The Window at 125 presents The Introducing Series SEASON 2: ROOFTOP/GROUNDFLOOR RoofTop Dance Introduces 13 performance-based artists in 13 days
March 3-15th 2013
As makers and performers, artists occupy more space than just the stage with their presence. They constantly inhabit public, administrative, economic, cultural, internal, and political spaces; in this way the borders that contain what it means to “make art” are often unable to resist the blur of the artist working within them.
These 11 artists, who represent a broad range of young makers and experienced performers, will exhibit their presence in this space for a full 12-hour day; how they accomplish this, what bodies and non-bodies they utilize to do so, and the aesthetics of that presence are entirely up to them.
Sunday 3/3 Lindsey Dietz Marchant Monday 3/4 Amanda Szeglowski Tuesday 3/5 Deborah Lohse Wednesday 3/6 Ilona Bito Thursday 3/7 Sarah McSherry Friday 3/8 Jillian Sweeney Saturday 3/9 Mariana Valencia Sunday 3/10 Tony Carlson Monday 3/11 BoomBat Gesture Tuesday 3/12 TBD* Wednesday 3/13 Annette Herwander Thursday 3/14 Walter Dundervill Friday 3/15 Kirsten Schnittker
Each artist will occupy the space from 8am-8pm every day.
Lindseay Dietz Merchant and Amanda Szeglowski We will use the window for hour long “shows” mixed with breaks. During the shows we will perform sections of a piece we have just reworked called “alpha pups”—we will be taking elements of this piece and reworking them into an hour-long durational performance that can be repeated throughout the day. In “alpha pups” we highlight the desperation and bizarre communication used in the final rounds of 1980’s game shows, namely the Winner’s Circle from The $25,000 Pyramid and the Fast Money found of Family Feud. This thematic platform is used as a pretense to render personal accounts of awkward communication and reactive experience. The piece features several scripts, both recorded and spoken. There is also a performer who makes fluffernuttrees the entire piece, so we will riff off of this idea and make sandwiches for long periods of time. During our set breaks we will give away free fluffernutters to people on the street.
Deborah Lohse One hour experiments—at the top of each hour, Lohse will take requests via the street/twitter/facebook and explore that idea for an hour with a collaborating visiting artist. Visiting artists include lighting designers, DJs, dancers, visual artists, fashion designers, set designers, directors, and playwrights TBD.
Sarah McSherry – “HOMO SAPIENS/Human Exhibit” In the window: a small rack of clothing. A water bottle, a standing mirror, a notebook and pen. A sleeping bag and pillow, animal inside them. At the top of the window, large letters read HOME SAPIENS. At the bottom, a plaque the length of the window: “HOMO SAPIENS, Common name: Human Being.” It is entirely covered with paragraphs describing the species, its evolutionary history and current existence, with a couple of graphics for good measure. There is at least one paragraph about the specimen with the exhibit—her name, age, shallow survey of personality and traits. A board with a series of buttons, each labeled, is against the back wall. The labels read “coffee,” “computer,” “snack,” “socialize,” “dance,” “arts and crafts,” “bathroom break,” etc.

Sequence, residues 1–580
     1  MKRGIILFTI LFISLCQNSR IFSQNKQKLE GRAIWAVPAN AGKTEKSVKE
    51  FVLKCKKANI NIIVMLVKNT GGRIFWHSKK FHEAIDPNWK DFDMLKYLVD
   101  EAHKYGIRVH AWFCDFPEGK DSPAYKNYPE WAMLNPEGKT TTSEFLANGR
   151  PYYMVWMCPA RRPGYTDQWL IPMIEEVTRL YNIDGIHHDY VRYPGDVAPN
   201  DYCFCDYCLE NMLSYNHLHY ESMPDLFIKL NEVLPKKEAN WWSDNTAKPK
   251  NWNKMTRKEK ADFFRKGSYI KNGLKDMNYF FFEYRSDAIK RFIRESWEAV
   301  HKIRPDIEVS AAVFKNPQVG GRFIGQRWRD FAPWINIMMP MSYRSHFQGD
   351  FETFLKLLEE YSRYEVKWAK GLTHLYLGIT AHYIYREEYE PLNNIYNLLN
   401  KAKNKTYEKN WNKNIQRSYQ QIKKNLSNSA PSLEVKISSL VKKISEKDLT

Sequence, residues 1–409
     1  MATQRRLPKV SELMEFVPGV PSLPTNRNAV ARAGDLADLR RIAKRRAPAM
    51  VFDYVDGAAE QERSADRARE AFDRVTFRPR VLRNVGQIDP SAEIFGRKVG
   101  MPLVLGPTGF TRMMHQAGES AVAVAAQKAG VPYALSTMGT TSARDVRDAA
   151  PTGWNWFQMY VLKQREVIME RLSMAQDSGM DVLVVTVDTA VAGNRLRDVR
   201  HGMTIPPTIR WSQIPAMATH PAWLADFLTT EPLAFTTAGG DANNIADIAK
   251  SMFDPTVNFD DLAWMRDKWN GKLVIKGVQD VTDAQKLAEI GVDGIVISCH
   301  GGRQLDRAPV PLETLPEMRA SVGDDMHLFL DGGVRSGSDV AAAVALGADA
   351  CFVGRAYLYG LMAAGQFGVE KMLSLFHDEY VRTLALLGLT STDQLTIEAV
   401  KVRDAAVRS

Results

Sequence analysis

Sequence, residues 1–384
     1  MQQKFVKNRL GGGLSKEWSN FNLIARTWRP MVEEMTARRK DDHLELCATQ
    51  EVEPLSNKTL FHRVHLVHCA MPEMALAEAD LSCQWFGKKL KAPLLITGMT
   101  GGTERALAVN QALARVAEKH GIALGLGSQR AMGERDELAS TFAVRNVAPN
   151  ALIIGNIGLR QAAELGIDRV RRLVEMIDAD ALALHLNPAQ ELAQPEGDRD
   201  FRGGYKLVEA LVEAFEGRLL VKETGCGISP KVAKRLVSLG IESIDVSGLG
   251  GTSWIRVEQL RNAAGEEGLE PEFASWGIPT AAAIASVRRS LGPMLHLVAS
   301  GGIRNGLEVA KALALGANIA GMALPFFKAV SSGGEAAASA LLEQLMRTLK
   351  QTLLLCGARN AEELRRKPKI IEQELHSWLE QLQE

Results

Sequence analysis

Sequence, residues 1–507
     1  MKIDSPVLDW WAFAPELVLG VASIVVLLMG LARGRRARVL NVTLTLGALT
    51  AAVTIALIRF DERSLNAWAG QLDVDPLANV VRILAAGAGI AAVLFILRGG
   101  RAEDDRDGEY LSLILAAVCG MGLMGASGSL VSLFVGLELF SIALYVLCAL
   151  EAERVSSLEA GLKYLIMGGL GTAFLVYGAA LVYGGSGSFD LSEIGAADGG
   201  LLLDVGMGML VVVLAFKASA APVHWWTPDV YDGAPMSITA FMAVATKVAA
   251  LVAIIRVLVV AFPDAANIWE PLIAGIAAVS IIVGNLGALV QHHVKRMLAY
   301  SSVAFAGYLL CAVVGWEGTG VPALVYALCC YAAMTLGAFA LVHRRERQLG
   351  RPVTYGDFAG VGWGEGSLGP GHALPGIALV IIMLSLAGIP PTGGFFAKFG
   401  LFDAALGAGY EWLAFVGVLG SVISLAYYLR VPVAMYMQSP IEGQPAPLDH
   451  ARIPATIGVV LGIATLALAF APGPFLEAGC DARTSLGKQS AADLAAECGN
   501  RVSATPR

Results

Between now and the performance I will develop a series of instructions for myself which will structure the day and prompt specific activities. Much of the day will read like a zoo exhibit, and will be periodically punctuated by more superficially performative aesthetics of busier actions. I have not yet decided whether or not to create possibility for participation, or whether/how to include other performers.
Jillian Sweeney I plan to build a visual backdrop (bit by bit) for the shop-window space and then deconstruct, code, decode, patch, and ultimately “incomplete” this picture I’ve made. The performance will etch and erase a slowly-turning story/choreography. The conversation with the passerby evolves over time, as a something-ness comes to life and returns back to nothing. The performance will be ongoing (and the absence of the performer is a part of that too) during the 12-hour day. By 8pm, the performer leaves the room as she found it.
Mariana Valencia I propose to install a monochromatic space and perform in it. I’m currently reading In the Break by Fred Moten. So i plan on spending some of my time reading and holding a rehearsal with myself in the window. Visuals and brain power will drive this work.